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Sea Change: Carbon dioxide imperils marine ecosystems

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8:59am, July 14, 2004
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Almost half the carbon dioxide produced by human activity in the past 2 centuries is now dissolved in the oceans. It's wreaking chemical changes there that, if unchecked, could threaten the capacity of corals and other marine organisms to make their hard shells and skeletons, scientists say.

From 1800 to 1994, fossil fuel use and industrial processes such as cement production generated some 900 billion metric tons of carbon dioxide. Atmospheric concentrations of the planet-warming greenhouse gas rose during that period from about 280 parts per million to around 360 ppm, says Christopher L. Sabine, an oceanographer at the National Oceanic and Atmospheric Administration (NOAA) in Seattle. He reports that data garnered during more than 95 recent transoceanic research cruises suggest that much carbon dioxide ended up in the oceans as well.

Between 1989 and 1998, seagoing researchers measured the oceans' temperature, pH, salinity, and other aspects of marine chemistry from the water's surface to the seafloor. In a report in the July 16 Science, Sabine and his colleagues estimate that between 1800 and 1994, the world's oceans absorbed about 433 billion metric tons of industrial carbon dioxide.

The threat to shell-making marine life follows from the carbonic acid (H2CO3) that forms when carbon dioxide dissolves in water. In the ocean, much of that acid reacts with carbonate ions in the water to form nonacidic compounds (SN: 8/17/02, p. 104: Available to subscribers at Tums of the Sea).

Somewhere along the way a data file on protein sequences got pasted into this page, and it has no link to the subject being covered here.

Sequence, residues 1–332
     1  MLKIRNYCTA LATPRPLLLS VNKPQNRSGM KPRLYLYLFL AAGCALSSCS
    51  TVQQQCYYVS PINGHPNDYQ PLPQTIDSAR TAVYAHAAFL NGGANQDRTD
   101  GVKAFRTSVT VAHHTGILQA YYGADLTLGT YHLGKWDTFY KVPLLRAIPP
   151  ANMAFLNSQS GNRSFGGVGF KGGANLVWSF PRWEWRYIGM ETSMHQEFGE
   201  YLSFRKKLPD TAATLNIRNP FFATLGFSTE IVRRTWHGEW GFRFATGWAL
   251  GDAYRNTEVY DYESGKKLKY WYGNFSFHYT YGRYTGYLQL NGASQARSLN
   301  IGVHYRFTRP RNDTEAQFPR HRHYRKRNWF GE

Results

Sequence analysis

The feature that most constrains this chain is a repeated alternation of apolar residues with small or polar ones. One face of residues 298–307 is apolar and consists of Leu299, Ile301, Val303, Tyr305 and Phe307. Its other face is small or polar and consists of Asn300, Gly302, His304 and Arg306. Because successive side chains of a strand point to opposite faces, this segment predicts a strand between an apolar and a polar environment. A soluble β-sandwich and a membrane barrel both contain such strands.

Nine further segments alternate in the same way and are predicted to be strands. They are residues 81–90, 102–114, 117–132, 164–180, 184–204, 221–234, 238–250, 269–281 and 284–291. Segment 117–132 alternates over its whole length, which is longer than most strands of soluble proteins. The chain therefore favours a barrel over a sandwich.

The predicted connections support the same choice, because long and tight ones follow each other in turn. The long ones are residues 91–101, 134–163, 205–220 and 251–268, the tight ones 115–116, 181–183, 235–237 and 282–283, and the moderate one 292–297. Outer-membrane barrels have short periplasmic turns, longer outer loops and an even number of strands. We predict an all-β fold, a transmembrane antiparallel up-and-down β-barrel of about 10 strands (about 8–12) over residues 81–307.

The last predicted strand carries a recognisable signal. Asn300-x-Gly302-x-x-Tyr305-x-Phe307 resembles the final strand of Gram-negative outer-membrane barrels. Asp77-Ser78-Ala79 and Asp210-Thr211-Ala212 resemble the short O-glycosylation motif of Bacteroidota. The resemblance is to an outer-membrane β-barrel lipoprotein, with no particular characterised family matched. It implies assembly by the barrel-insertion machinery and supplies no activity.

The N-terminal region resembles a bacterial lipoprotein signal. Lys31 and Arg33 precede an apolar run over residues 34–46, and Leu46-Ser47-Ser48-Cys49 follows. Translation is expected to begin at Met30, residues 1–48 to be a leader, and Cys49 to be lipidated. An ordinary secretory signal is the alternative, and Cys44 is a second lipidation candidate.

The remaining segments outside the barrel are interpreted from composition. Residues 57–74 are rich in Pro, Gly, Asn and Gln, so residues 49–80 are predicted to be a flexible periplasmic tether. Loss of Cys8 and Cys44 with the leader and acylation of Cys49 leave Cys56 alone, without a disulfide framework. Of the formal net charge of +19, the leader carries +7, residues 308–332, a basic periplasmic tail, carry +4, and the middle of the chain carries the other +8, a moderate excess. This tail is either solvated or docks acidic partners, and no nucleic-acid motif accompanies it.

Carbonate ions are abundant in most surface waters, and corals and some free-swimming organisms use the material to form their calcium carbonate skeletons or shells, says Richard A. Feely, a marine chemist also at NOAA in Seattle. As ocean chemistry has slowly changed over the past 2 centuries, however, there's been a decrease in the range of depths at which the two most common forms of biomineralized calcium carbonate—aragonite and calcite—can dissolve.

During that period, the lowest depth at which aragonite saturates the water has migrated upward as much as 150 meters in the tropical Atlantic, for example. Below that boundary, the shells and skeletons of marine organisms can dissolve. In parts of the northern Pacific, the lower boundary for calcite saturation is as much as 100 m shallower than it was in 1800. Feely, Sabine, and others report their findings in a second study in the July 16 Science.

Shallower depths of carbonate-ion saturation in the future may be bad news for organisms that use the material to make their hard parts, says Victoria J. Fabry, a biological oceanographer at California State University in San Marcos and a coauthor of one of the studies. In shipboard observations of small, free-swimming snails collected from the North Pacific and placed in closed jars of surface water, she found that as the animals' breathing elevated the concentration of carbon dioxide in the jar, carbonate ions in the water rapidly decreased, thereby inhibiting new growth of the creatures' shells.

Scientists had previously noted similar effects in coral. In large-scale studies on an enclosed artificial reef in Monaco, coral growth dropped as much as 21 percent when researchers boosted the concentration of carbon dioxide in the enclosure to 560 ppm. In a similar experiment in Arizona's Biosphere II near Tucson, doubling the air's carbon dioxide concentration decreased coral growth by 40 percent.

Assessing the full ecological impacts of the carbon dioxide–induced acidification of seawater is an important task for the future, comments Taro Takahashi of Lamont-Doherty Earth Observatory in Palisades, N.Y.

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